Fed’s Barkin says high inflation made case for rate hike ‘pretty clear’

News Room
2 Min Read

The president of the Richmond Federal Reserve said doggedly high U.S. inflation justified the central bank’s move to raise interest rates again despite turmoil in the banking system.

“Inflation is high. Demand hadn’t seemed to come down. And so, the case for raising was pretty clear,” Thomas Barkin told CNN in an interview on Friday.

The Fed lifted a key interest rate on Wednesday to the highest level in almost 16 years as it battles to bring down inflation. The rate of inflation stood at 6% as of February, based on the consumer price index, or more than three times the pre-pandemic average.

Rising borrowing costs temper inflation by slowing the economy.

Yet the Fed also debated whether to delay another rate hike after the failure of Silicon Valley Bank two weeks ago spawned a fresh banking crisis. The Fed and other U.S. regulators swiftly intervened to contain the damage.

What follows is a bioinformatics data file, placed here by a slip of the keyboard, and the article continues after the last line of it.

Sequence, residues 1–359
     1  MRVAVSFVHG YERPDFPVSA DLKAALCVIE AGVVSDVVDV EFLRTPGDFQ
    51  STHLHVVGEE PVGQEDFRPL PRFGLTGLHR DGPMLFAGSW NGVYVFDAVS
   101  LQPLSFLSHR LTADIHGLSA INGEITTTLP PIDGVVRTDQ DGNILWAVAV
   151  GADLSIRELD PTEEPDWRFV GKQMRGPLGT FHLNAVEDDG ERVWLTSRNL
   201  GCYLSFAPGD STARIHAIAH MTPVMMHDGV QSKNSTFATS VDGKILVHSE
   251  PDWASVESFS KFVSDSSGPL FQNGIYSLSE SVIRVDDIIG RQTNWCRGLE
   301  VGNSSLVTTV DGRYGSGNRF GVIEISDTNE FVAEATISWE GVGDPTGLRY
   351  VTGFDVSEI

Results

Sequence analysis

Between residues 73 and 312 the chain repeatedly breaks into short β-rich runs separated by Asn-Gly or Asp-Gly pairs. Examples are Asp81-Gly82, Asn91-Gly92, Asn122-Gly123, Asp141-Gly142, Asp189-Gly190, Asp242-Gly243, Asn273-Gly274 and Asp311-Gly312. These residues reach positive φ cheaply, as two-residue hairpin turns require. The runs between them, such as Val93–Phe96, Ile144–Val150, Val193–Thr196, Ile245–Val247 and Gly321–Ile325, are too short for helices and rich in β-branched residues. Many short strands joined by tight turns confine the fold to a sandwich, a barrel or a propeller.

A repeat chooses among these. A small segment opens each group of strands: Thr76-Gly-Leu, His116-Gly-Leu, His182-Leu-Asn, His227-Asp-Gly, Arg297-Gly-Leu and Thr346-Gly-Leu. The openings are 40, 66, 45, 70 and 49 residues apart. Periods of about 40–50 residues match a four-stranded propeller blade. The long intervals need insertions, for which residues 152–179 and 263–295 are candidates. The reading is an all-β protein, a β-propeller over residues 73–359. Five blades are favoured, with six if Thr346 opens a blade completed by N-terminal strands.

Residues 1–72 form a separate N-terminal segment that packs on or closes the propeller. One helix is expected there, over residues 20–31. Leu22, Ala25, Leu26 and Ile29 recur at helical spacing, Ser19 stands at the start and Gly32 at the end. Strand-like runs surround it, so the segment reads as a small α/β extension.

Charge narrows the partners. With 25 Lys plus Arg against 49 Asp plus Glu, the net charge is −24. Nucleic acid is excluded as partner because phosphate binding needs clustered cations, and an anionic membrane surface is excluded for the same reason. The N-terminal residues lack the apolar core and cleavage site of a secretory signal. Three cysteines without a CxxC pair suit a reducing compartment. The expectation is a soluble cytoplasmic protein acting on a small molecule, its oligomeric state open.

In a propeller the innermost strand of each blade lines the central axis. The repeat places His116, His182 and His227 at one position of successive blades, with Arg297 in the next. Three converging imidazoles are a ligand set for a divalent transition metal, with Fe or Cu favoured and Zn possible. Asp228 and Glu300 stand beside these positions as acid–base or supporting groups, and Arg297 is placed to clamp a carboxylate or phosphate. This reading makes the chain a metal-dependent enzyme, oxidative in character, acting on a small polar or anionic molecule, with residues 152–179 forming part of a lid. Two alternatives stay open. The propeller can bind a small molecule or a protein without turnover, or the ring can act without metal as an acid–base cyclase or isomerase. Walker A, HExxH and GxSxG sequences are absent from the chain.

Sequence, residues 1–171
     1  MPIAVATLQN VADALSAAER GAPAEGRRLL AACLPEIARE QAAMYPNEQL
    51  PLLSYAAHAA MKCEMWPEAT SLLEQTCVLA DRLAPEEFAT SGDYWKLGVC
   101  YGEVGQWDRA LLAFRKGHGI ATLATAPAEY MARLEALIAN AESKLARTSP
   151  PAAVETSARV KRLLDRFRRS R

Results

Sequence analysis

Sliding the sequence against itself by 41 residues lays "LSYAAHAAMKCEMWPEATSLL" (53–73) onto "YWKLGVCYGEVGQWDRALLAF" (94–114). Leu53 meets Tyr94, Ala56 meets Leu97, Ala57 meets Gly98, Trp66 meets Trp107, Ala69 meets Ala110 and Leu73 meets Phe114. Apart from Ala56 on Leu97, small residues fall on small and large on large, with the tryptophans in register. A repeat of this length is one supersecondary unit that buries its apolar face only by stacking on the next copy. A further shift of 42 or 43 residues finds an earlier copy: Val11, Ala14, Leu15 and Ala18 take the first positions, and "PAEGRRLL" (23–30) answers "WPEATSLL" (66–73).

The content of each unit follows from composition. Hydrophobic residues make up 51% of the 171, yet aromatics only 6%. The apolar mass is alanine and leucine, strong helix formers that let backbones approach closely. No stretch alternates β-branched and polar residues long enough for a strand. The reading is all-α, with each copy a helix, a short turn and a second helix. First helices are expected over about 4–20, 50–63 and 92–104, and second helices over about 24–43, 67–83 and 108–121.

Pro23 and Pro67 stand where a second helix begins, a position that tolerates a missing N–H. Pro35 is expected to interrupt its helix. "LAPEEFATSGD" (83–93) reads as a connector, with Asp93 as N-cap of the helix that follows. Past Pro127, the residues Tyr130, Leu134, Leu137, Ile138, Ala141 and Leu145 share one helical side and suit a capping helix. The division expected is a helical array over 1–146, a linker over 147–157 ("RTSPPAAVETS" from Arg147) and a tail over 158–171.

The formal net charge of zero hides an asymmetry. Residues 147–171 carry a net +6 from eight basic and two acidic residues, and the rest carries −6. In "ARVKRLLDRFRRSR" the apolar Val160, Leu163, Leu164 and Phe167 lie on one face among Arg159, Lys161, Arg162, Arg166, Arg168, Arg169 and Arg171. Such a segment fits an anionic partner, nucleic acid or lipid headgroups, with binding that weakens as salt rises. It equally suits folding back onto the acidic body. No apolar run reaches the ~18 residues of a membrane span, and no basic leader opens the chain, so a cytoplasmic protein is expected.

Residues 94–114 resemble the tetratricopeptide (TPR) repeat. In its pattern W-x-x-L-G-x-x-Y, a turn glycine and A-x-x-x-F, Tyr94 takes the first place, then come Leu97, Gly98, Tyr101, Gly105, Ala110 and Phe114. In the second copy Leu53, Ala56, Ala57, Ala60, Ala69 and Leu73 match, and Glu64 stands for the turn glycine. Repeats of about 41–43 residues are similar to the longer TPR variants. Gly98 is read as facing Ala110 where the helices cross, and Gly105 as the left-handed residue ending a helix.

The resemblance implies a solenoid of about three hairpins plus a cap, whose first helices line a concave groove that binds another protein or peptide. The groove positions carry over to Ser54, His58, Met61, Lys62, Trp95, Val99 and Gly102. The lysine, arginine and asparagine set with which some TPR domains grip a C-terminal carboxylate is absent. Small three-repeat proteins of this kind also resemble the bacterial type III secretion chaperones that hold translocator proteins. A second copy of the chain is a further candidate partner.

Barkin said the banking system stabilized before the central bank ultimately decided to raise rates. A new emergency lending program created by the Fed appeared to help restore calm on Wall Street

“For me, the question was: Do you see such stresses happening that you felt like you really had to pull back and learn more?” Barkin said to CNN. “It felt very stable by the time we got there.”

Barkin is not a voting member this year of the Fed’s interest-rate setting panel.

Read the full article here

Share this Article
Leave a comment

Leave a Reply

Your email address will not be published. Required fields are marked *